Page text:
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The Art of Colouring In: A review of Berol pens

A household name in the stationary world, Berol pens are the ones we remember using at school and wishing we had at home, but when tested against each other which of the Berol colouring pens comes up trumps?

We got together four different types of Berol pens and did a little colouring in to find out.

The competitors were Berol Colourbrush, Colourfine, Hand Huggers and Colourbroad and first up to the test were the Colourbrush pens.

These pens are designed with a brush style fibre tip, similar to that of an artists' paint brush so that fine lines can be achieved when using the tip but when used at an acute angle a much broader line is produced. The line width on the Colourbrush pens is 1.5mm making it bigger than the Colourfine pens but smaller than the Hand Huggers and Colourbroads.

Berol ColourbrushWhen using these pens we found you have to be gentle when wanting detailed lines and slightly firmer for a thicker block of colour where more colouring in is required. This makes the Colourbrush quite versatile and economic as you can achieve both detail and general colouring with just one pen.

Berol ColourfineFor more detailed colouring and writing the Berol weapon of choice would often be the Colourfine pens. These were great for controlled colouring such as trying to stay within the lines but also effective for larger areas of colouring despite some initial doubts. Colouring more substantial areas does take longer with the Colourfine pens but it does generally look very neat and there aren't many white gaps showing through the ink.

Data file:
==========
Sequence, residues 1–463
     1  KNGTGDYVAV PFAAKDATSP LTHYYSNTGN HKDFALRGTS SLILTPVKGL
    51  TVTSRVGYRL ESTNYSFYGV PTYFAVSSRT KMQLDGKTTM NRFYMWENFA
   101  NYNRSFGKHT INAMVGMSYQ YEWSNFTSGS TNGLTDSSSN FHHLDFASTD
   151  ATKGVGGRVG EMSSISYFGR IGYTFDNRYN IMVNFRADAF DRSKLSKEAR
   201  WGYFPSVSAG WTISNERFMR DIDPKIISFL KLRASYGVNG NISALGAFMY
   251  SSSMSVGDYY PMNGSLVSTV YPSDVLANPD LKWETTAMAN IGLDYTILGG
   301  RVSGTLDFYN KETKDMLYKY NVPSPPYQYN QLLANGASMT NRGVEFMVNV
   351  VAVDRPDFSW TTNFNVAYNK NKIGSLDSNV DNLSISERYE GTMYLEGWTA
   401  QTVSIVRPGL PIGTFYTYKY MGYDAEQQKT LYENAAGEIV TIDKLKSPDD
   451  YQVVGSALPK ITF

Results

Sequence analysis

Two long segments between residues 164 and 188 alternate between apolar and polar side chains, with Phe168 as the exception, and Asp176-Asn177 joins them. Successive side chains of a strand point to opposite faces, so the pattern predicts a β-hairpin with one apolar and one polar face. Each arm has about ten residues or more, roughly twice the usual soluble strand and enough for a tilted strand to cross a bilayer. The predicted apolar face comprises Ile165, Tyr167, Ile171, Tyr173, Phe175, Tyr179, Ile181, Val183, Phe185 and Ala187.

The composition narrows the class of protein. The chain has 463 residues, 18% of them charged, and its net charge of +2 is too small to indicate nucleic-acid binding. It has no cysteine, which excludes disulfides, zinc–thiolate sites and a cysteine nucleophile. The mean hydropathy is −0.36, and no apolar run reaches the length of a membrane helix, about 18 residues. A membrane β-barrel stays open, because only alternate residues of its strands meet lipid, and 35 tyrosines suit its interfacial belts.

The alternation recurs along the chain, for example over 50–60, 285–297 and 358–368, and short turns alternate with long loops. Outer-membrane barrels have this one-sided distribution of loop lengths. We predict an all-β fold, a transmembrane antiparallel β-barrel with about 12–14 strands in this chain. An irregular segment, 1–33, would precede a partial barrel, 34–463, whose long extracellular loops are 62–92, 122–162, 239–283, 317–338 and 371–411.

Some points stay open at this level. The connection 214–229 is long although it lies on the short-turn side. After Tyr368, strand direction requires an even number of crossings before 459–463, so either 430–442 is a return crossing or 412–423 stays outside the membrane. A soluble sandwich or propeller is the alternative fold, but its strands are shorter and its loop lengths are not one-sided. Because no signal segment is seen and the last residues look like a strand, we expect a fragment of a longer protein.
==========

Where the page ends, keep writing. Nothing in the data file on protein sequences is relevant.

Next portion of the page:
Next up in our test were the Hand Huggers which are designed with young children learning to colour and write in mind. These are also available as pencils and have an ergonomic shape to encourage the correct grip when writing and drawing as well as reducing any hand strain. The Hand Huggers have a line width of 1.7mm just like the Colourbroad pens so the colouring experience with both was quite similar, the only difference being less hand strain when using the Hand Huggers.

Berol Hand HuggersMoving on to the Colourbroads, these quickly coloured in larger areas on the page but it was quite difficult trying to fill in smaller, more detailed parts of the picture and trying not to go out of the lines often resulted in white gaps on the page. One thing we did find interesting about the Colourbroads was that the ink can be worked with a wet brush in order to create a subtle wash of colour.

Berol ColourbroadOverall, the Berol pens we found best value for money and easiest to use are the Colourbrush and Colourfine pens. The Colourbrushes as they allow variety in creating thin and thick lines and the Colourfines as they allow for detailed colouring and provide a more opaque ink coverage on the page. Next would be the Hand Huggers which only exceed the Colourbroads because of how comfortable they are to hold, making them ideal for longer colouring sessions. Finally are the Colourbroads which are great for colouring, but we would recommend them for large colouring tasks or poster making as their thick line width is great for making words stand out. A larger colouring area would also allow you to fully embrace the technique of using them with a wet brush to create more subtle areas of colour.

Berol pen comparison

All of these Berol pens contain washable ink which will wash out of most fabrics and the Colourbroads, Colourfines and Colourbrushes can all be left uncapped for up to 14 days without drying out, making them perfect for at school and at home.

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